Brainstorm help on defining full working team structure

Background context

We’ve used a form of sociocracy-like circles to get to a semi-functioning list of current roles and circle groups broken into “main”, “outreach”, and “website” circles, but it’s got definite issues.

I’m reading more about Sociocracy 3.0 to learn best practices from that as a new starting point for an overhaul.

I also have lots of thoughts that I’m struggling to organize, see my draft list of updated roles — this is focusing on aspects the current structure misses.

Moving forward from here

While we could just focus on using Sociocracy concepts to evolve our structure, I want to identify unfilled roles with adequate specifics in order to recruit new team members for specific roles.

An attempt at a driver statement:

Roles are not complete, defined well enough, or filled adequately. So, it’s sometimes unclear who should be taking care of what, what things are needed that nobody is handling, what expectations are for team members, or how to address situations where expectations aren’t being met.

We need a complete list of all the roles that, if filled, would get fully launched with all key concerns addressed and all roles supported, sustained, and with clear succession plans.

Requesting discussion help

While we could discuss tweaks in our current setup, I’d like to have a clear generic chart to use as an example. Consider any similar organization, what are all the roles they have? Some use language like “CEO”, “CFO”, “COO”, “CTO” etc etc. We may not use that, but we need analogous or at least coverage of the same accountabilities. Maybe we can find some examples to use as models?

We could also just pick more specific tensions, get a big brainstormed list, and then work through that to try to get a proposed starting point.

My vision is to have something that looks like it may be complete, recruit to fill it all, and then use Sociocracy concepts to let it evolve from there.

Who’s up for helping here?

2 Appreciations

In case anyone stumbles upon this: The discussion at
the governance issue Update role definitions and roles (Formerly “Compile complete list of roles for thriving team”) is very relevant to this. Quoting from there, the next steps are:

  • Define clear priorities, find out what needs to happen now

That’s our goal over at Driver statement for better milestones and roadmap etc.

  • Decide what to do about it, e.g. define roles + recruiting strategy

I wrote Proposal forming: Coming up with creative actions to address important drivers to introduce a way to do this collaboratively. (While reading it, translate meeting/agenda to forum/posting.)

  • Do this as soon as possible. (This includes discussing as little as possible until you can get to the do-this step.)

The consent decision process is useful for this, as it produces a clear moment when an actual decision is reached that we can then implement. Plus since it’s inspired by sociocracy 3.0, it is very much designed to make decisions quickly, instead of making perfect decisions.

  • Repeat and evolve.

This is what reviews (see the consent decision process) are for. They’re not working currently (the consent decision process should’ve been reviewed at the end of march, we didn’t do that), we should fix this soon. We should also consider using the peer review S3 pattern for evolving roles.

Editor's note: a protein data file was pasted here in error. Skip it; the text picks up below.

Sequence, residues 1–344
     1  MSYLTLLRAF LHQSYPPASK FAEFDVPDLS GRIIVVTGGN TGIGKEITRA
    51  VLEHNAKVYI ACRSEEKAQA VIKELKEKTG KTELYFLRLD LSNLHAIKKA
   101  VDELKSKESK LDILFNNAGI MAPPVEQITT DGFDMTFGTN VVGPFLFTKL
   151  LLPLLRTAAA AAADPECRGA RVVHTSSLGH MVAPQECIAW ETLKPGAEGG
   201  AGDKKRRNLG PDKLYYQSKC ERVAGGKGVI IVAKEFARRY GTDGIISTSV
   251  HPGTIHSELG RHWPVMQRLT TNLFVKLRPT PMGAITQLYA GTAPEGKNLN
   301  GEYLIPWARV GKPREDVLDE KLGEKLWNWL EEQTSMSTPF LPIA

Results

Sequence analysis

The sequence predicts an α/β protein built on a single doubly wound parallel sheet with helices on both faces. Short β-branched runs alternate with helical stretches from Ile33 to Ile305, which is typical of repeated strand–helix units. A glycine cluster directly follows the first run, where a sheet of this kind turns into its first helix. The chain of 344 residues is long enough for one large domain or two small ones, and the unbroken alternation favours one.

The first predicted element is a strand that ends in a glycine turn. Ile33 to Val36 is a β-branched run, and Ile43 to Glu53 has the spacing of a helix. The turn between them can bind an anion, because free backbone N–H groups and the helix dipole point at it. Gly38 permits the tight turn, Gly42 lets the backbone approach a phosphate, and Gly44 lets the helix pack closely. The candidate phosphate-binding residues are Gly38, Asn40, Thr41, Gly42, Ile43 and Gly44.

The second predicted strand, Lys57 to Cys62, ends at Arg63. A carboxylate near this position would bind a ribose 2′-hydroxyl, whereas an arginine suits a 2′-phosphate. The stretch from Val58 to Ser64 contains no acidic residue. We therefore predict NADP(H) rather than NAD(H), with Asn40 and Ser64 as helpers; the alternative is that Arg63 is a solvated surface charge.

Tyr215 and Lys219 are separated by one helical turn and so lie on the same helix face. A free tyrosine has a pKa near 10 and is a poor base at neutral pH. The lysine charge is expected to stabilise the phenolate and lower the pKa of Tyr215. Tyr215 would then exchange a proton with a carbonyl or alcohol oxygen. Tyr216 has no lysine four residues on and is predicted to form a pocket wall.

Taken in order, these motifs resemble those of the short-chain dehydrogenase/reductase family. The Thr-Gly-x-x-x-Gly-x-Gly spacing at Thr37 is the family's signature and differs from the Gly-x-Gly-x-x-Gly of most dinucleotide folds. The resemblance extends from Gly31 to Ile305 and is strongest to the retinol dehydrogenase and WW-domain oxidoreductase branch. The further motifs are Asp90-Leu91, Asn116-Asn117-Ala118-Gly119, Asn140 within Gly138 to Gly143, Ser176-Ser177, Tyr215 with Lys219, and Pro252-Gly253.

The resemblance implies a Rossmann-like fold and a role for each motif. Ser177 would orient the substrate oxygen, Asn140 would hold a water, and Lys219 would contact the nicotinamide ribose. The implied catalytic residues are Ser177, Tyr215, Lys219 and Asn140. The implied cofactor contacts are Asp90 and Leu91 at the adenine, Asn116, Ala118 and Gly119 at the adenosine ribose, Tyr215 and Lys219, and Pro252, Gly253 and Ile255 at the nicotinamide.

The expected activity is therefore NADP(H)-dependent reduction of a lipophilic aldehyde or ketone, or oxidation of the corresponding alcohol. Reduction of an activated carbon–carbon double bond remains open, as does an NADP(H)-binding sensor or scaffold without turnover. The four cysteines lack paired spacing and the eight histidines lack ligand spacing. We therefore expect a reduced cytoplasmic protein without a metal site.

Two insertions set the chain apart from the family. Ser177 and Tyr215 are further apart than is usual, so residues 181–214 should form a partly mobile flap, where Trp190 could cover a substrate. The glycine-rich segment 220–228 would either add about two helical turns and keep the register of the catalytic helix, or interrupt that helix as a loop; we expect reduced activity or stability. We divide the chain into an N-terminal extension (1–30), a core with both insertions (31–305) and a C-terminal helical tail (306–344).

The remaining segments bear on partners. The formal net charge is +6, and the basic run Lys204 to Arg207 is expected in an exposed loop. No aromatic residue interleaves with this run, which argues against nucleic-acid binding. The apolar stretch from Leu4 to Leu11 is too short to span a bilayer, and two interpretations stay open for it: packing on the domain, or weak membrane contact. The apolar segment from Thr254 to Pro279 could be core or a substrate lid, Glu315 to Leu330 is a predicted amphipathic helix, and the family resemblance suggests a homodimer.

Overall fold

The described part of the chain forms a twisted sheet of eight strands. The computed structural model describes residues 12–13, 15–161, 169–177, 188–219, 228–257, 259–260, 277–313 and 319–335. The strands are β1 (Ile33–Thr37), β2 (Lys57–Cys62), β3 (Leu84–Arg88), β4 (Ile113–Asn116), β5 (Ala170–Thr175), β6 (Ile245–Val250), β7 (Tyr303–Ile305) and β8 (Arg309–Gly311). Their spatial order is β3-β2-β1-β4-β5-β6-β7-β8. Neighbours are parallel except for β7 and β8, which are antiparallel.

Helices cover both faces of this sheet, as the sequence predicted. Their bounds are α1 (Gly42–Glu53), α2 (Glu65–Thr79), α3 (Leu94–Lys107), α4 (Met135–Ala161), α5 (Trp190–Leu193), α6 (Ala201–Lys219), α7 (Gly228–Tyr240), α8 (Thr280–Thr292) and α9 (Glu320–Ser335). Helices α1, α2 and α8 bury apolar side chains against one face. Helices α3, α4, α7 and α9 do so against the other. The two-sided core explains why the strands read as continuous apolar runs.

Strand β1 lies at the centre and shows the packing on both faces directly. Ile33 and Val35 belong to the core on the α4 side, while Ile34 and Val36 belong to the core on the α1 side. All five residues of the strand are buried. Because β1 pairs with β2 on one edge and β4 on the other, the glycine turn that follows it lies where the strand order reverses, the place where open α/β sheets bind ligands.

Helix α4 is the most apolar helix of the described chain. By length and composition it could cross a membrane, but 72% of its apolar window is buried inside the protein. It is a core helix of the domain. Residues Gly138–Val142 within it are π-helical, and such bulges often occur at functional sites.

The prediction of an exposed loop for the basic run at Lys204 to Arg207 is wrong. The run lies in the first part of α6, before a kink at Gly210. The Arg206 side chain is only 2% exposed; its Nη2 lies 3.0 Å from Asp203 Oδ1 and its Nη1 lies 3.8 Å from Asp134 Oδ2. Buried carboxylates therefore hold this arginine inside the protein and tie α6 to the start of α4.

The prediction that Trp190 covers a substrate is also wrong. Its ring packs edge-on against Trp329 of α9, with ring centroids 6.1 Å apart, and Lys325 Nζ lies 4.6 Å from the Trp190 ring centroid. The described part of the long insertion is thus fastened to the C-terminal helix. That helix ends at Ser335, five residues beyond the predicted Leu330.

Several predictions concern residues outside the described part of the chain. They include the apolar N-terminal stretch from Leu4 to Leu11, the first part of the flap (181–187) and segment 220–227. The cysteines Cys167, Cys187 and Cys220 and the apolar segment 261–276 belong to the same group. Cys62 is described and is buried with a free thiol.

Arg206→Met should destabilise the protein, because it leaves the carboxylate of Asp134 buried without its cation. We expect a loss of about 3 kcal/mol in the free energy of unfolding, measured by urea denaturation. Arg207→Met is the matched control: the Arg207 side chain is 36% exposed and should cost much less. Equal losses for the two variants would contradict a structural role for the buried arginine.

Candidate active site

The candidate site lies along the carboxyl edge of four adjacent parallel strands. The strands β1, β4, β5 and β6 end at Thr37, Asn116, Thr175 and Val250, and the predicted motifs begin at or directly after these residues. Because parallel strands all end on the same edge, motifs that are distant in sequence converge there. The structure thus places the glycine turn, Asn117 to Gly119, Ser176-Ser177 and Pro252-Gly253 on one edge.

I think having this overall perspective in mind can help appreciating the importance of the individual pieces. In particular, after writing this, I think we should speed up our process here and there.

4 Appreciations

Yeah this is definitely a topic, wish I had more insight here but glad it was brought up. @photm glad you brought up the relevant documentation we already have on it too.

Here was something I personally found somewhat valuable to contextualize or working structures: We are probably almost entirely functional with some degree of matrix, yes?

  • |Simple Structure |Simple structures do not rely on formal systems of division of labor, and organizational charts are not generally needed. If the firm is a sole proprietorship, one person performs all of the tasks that the organization needs to accomplish. Consequently, this structure is common for many small businesses.|
  • |Functional Structure |Within a functional structure, employees are divided into departments that each handles activities related to a functional area of the business, such as marketing, production, human resources, information technology, and customer service. |
  • |Multidivisional Structure |In this type of structure, employees are divided into departments based on product areas and/or geographic regions. Jim Pattison Group, for example, has nine product divisions; Food and Beverage, Media, Entertainment, Automotive and Agriculture, Periodical Distribution and Marketing, Signs, Packaging, Forest Products and Port Service, and Investments and Partnerships.|
  • |Matrix Structure |Firms that engage in projects of limited duration often use a matrix structure where employees can be put on different teams to maximize creativity and idea flow. As parodied in the movie Office Space, this structure is common in high tech and engineering firms.|

I’ll help with this, at the very least with helping to document (after we discuss today) and get it posted

1 Appreciation

2 posts were split to a new topic: Sociocracy resources